EACH week the Evening Times will throw the spotlight on one of the dozens of new businesses determined to succeed.
They are the future for Glasgow and the west of Scotland's economy and are working hard to achieve success in the face of continuing economic hardship.
Many start-up businesses are struggling to take off due to the economic downturn and this column will offer advice for potential start-ups.
Each start-up will answer the same questions about their business with their answers showcased here each Wednesday.
This week, Gary Cooney and Laura O'Neill tell us how they set up Vip Local Vouchers.
Who are you?
Gary Cooney. I co-founded Vip Local Vouchers with Laura O'Neill. We are engaged to be married and have three amazing kids.
What does your business do?
We help small local businesses compete with the big brands by promoting their offers to local people using direct mail (Royal Mail), e-mail marketing, online and social media. We are the Vouchercloud for small, local businesses.
Where are you based?
Coatbridge and Airdrie. It's our local area where we live and have been brought up and have had small businesses so we understand the challenges and have a local network.
How did you get started?
From our kitchen table armed with a mock copy of a voucher book and a vision.
What is your background?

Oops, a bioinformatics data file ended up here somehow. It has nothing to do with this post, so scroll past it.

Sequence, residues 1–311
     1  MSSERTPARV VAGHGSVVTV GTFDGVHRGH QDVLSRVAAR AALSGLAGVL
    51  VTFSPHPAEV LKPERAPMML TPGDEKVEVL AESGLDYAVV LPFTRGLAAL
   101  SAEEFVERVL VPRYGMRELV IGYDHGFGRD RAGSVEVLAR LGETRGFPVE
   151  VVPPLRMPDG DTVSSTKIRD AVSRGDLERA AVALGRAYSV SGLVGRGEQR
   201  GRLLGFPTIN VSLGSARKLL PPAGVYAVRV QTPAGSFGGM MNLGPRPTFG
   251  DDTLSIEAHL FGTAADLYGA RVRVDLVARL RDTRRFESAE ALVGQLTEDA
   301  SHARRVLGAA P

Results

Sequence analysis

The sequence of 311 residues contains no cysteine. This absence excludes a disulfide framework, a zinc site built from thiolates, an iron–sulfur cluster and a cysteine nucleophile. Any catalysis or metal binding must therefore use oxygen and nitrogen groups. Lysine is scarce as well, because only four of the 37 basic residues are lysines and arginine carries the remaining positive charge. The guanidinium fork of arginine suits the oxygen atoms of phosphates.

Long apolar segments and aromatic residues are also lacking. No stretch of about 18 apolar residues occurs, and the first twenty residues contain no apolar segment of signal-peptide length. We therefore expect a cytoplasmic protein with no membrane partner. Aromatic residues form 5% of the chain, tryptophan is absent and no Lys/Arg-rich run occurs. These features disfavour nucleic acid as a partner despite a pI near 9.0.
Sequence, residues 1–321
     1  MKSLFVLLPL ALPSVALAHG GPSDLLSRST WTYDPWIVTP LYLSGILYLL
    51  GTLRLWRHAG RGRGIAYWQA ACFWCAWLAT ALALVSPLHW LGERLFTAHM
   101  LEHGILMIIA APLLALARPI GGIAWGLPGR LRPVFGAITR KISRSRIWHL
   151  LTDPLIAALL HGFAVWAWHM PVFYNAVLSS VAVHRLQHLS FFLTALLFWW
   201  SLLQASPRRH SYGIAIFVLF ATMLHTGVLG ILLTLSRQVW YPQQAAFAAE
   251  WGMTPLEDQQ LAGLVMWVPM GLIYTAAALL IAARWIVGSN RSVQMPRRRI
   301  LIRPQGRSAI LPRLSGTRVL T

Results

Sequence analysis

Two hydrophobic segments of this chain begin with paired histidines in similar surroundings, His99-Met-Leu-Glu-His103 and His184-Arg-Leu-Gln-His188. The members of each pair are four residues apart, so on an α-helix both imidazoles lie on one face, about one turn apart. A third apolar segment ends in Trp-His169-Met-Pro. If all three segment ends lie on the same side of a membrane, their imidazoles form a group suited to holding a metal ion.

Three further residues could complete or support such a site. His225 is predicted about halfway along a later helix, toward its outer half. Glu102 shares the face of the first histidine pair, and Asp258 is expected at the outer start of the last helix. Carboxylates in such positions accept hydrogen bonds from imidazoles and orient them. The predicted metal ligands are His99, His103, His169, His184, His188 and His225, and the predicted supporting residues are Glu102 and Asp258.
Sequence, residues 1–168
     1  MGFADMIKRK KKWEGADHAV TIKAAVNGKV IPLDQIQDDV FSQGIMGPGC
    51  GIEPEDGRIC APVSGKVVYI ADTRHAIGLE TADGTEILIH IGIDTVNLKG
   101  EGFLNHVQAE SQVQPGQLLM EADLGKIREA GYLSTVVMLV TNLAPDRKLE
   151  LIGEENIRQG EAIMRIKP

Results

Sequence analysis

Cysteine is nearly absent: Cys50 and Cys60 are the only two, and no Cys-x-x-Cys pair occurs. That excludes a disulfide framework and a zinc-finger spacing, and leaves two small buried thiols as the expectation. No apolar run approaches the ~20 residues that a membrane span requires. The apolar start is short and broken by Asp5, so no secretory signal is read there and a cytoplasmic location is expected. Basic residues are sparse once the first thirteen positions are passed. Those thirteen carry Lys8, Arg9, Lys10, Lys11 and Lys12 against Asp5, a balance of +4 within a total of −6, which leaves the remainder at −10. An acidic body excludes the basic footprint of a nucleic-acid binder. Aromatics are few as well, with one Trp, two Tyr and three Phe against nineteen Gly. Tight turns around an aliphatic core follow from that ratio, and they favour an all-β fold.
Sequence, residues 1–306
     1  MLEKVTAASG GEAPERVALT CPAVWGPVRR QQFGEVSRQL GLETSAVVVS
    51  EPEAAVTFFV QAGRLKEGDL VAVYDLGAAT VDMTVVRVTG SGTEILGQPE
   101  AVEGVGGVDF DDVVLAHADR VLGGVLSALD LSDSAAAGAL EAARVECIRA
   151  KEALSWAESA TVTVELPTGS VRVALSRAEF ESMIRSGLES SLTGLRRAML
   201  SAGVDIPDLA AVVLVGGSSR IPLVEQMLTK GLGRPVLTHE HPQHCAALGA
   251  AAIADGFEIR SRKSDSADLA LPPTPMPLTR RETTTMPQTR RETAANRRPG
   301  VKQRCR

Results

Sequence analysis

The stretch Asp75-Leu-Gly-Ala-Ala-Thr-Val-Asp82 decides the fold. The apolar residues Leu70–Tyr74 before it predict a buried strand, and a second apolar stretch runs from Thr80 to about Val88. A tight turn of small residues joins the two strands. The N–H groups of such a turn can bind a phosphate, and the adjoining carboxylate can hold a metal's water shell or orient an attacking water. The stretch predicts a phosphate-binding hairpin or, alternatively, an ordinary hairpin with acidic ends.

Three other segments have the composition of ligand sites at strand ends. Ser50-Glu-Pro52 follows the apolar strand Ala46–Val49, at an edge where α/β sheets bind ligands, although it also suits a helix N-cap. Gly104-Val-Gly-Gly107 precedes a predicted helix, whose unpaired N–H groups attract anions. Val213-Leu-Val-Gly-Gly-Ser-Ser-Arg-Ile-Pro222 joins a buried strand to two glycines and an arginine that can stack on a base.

HNC Media Studies and HND Journalism drop-out.
I started my first business aged 22 and ran several small businesses over the next nine years, including a tanning salon, sandwich bar, metal fabrication, catering and events firms.
What is your top tip?
Set your goal, where you want to be in say three, five or 10 years and know when to let go and move on.
How long has your business been running?
Has anyone helped you get started and how?
Family Support (not financial) and Espark UK mentorship and network.
What was your first deal?
Airdrie & Coatbridge Voucher Book November/December, 2011, which was packed full of local deals.
What was your biggest mistake/or what would you do differently?
Not knowing when it was time to quit and move on.
A positive outlook is an essential trait of an aspiring entrepreneur but can be detrimental as you can believe that if you keep working hard it will come good.
What would I do different?
Seek mentorship and unbiased eyes on the business.
Who was/is your mentor or inspiration?
My inspiration is my mum and dad, who is no longer with us.
What they fought through without complaint is my daily 'get your act together' motivation to succeed.
From a business perspective, I think Duncan Bannatyne's story from his roots to what he has achieved is an amazing source of inspiration.
Where do you plan your business to be in five years time?
To be successful in spreading our model to more than 600 towns and cities throughout the UK through a local franchisee network.